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It's worst than death terror? My fear of public speaking


Sophie123 1 / 1  
Oct 31, 2014   #1
I have to write a personal essay on a pivotal moment in my life that changed my outlook. I have chosen public speaking.

"The greatest mistake you can make in life is to be continually fearing you will make one" -Elbert Hubbard. Everybody has things they fear in life. A study in 2013 found that peoples top fears were losing family members, followed by being buried alive, with speaking in public being rated the third worst fear. And incredibly, death came in fourth. Is public speaking really that feared that we spend more times worrying over public speaking then dieing?

Let me tell you how it started for me. I was sitting in class when i heard "OK Katie you're up next to present". The second the teacher said those words, my heart started to beat so hard I thought I was going to die. I was nervous, but it was my first time doing a presentation in front of people, so I just brushed it off. I started to speak and it was going well. I wasn't going to win presenter of the year but I was managing to get the words out and that was all I cared about. That was until a girl down the back of the class decided to shout "speak up" in an attempt to embarrass me in front of everyone, and it worked. Regardless of the deep breaths and efforts I made to calm myself down I got more nervous with each second. As I began to speak again, I stuttered and my voice was shaking as if i had a gun pointed at me. Public speaking had gotten to me, and I didn't know how to defeat it.

For the lucky few, public speaking comes naturally. The ease of speaking in front of large crowds makes it seem as if they were born with it. Whereas for the majority of people, it doesn't come that easily. It is crazy to think that people fear speaking in front of other people. My fear was irrational but it started to engulf me, affecting my everyday life. I carried around the embarrassment of the day with me and every time I needed to speak in front of people even a small group, my mind would remind me of what happened on that day.

Then came a day when I had to face my dreaded fear. I was given a school assignment where I had to deliver a speech in front of my peers and it would account to half my grade. There was no backing out. I was once again sitting in that classroom, feeling just as nervous as I was the first time around. I glanced around at everyone else in the room and thats when I realised a lot of people were nervous too. I could see nail biters, people nervously reciting their speech under their breath and I even caught the eye of another person looking just as scared as me. The basis of my fear was being judged and in that moment I realised that no one was going to judge me if I stuttered or my voice shook while I was giving the speech, because they were just as scared. As soon as I realised this, a wave of relief washed over me. And in that moment I faced my fear. I walked up to the top of the class and delivered my speech with confidence.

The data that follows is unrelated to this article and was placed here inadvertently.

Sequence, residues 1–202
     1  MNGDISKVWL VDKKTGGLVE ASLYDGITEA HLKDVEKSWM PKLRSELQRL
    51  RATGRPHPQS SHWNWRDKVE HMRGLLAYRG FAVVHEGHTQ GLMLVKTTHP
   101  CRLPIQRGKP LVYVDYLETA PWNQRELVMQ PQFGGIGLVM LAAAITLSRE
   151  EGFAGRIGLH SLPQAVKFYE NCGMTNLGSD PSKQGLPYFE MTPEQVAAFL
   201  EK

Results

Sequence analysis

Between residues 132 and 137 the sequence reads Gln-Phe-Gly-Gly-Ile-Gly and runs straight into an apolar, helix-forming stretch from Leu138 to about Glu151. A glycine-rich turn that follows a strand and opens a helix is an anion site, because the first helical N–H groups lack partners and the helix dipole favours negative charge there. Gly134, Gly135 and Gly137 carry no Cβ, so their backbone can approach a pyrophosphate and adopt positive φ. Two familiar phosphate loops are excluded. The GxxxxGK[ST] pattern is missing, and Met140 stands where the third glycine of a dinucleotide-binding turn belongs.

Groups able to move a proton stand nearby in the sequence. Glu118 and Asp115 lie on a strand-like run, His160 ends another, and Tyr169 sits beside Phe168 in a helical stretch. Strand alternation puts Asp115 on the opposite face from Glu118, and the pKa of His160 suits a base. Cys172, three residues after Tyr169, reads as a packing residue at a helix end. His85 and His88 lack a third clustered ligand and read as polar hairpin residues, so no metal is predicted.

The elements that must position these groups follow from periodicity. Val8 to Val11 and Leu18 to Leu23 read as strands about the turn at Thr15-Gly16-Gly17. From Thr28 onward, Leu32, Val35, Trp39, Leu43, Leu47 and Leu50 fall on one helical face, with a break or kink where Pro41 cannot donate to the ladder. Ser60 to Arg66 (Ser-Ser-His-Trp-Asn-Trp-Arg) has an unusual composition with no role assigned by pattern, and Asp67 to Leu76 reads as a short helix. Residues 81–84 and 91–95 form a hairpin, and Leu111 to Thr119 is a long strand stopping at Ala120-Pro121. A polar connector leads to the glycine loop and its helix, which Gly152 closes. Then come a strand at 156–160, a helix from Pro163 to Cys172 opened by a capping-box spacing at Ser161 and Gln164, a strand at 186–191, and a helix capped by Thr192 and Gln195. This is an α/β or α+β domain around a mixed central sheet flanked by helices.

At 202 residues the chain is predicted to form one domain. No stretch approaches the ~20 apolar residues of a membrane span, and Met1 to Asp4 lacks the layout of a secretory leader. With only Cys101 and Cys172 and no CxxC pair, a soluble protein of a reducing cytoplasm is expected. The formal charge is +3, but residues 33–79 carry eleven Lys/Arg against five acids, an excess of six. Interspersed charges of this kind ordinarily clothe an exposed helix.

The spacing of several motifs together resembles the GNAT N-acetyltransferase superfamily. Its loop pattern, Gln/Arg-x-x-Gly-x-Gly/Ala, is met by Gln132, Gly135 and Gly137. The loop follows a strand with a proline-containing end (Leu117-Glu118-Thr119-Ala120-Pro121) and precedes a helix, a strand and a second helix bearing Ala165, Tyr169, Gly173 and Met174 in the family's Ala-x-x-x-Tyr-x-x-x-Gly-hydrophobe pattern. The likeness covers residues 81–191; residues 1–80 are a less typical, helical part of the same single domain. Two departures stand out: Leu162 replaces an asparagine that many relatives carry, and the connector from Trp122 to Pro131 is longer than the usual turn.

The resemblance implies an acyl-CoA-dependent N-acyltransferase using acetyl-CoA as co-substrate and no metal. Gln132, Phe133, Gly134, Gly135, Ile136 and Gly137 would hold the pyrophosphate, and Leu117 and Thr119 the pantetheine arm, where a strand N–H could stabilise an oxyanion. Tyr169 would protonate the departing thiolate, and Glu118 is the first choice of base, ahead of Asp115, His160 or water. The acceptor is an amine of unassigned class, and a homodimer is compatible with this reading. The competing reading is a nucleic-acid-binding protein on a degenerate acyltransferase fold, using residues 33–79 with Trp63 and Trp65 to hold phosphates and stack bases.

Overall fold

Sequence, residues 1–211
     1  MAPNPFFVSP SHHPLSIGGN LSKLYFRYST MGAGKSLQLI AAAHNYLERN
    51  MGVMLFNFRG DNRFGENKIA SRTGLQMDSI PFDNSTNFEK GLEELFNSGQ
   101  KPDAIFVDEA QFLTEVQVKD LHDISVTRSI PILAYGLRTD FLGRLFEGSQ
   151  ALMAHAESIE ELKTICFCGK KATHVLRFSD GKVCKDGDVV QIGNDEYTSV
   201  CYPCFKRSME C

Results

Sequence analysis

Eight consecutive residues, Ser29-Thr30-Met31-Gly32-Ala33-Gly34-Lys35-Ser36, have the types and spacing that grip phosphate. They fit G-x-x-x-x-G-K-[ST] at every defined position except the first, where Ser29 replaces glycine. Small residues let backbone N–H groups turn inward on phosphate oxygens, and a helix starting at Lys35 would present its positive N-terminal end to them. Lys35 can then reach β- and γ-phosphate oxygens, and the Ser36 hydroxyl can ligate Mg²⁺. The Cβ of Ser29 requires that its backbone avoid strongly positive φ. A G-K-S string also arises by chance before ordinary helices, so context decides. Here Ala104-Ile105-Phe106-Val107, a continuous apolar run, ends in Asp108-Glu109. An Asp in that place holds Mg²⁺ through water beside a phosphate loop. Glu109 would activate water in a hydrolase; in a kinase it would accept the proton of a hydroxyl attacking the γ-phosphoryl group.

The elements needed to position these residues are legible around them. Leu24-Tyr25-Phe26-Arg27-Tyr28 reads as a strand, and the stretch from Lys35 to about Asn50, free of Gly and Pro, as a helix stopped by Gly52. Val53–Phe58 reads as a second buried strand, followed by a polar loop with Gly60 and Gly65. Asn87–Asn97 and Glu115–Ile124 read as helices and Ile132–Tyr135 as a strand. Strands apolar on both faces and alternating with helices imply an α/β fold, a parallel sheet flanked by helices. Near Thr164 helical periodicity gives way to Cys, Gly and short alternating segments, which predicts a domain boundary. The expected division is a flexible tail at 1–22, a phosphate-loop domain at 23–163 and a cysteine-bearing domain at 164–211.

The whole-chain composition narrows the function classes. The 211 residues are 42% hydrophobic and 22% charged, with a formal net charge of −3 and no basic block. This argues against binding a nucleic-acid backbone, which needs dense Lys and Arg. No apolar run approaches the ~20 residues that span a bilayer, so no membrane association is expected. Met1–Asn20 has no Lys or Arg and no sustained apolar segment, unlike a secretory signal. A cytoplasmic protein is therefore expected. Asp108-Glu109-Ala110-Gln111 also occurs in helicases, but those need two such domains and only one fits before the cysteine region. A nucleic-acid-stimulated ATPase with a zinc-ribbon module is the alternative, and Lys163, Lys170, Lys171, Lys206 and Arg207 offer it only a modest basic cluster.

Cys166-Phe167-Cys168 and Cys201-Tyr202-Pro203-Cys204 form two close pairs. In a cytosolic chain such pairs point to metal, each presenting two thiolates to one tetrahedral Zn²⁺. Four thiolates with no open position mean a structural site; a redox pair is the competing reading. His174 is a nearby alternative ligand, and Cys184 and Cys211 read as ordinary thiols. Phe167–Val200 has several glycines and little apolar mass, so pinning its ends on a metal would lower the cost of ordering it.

This experience has helped mould me into the person I am today. If something goes badly the first time around, I just get back up on the horse. "The greatest mistake you can make in life is to be continually fearing you will make one" -Elbert Hubbard. Nothing is perfect the first time around and you always learn from failure.

Let me tell you how it started for me.

Charphil 5 / 27 10  
Oct 31, 2014   #2
Hi Sophie,

I do like the quote in the beginning of the essay

However, as the promt suggests it is "a personal essay on a pivotal moment in your life that changed your outlook" . The only paragraph that you really talked about your experience as a public speaker was on the second paragraph and you never mentioned how it affected your life. I know that you said "As i began to speak again, i stuttered and my voice was shaking as if i had a gun pointed at me. Public speaking had gotten to me, and I didn't know how to defeat it." but I think it was not sufficient. The Admission Officer that reads your essay will probably wonder (just like I did) how you managed to overcome this fear? How this experience made you mature, develop your public speaking skills, and molded you the way you are today?

Also, if I were you, I would choose to write formally. Capitalize the i's and try to apply the concept of "Show, Don't Tell" to your essay... remeber, this essay must express a pivotal moment in your life.

Instead of focusing this essay on public speaking with your experience as just an example, put yourself in the center. Is YOUR time to shine.. make your experience the core of the essay : )

Hope that helps
OP Sophie123 1 / 1  
Nov 1, 2014   #3
sufficient

Thank you for the help. English was never my greatest subject but I try my best. I did make a lot of modifications.


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